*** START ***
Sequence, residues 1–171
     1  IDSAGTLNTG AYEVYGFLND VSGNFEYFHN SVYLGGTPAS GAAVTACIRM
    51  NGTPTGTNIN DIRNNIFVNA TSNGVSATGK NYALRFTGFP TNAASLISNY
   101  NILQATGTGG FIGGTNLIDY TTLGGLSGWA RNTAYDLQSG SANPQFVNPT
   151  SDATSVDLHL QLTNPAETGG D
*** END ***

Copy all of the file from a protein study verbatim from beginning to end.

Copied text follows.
Sequence, residues 1–171
     1  IDSAGTLNTG AYEVYGFLND VSGNFEYFHN SVYLGGTPAS GAAVTACIRM
    51  NGTPTGTNIN DIRNNIFVNA TSNGVSATGK NYALRFTGFP TNAASLISNY
   101  NILQATGTGG FIGGTNLIDY TTLGGLSGWA RNTAYDLQSG SANPQFVNPT
   151  SDATSVDLHL QLTNPAETGG D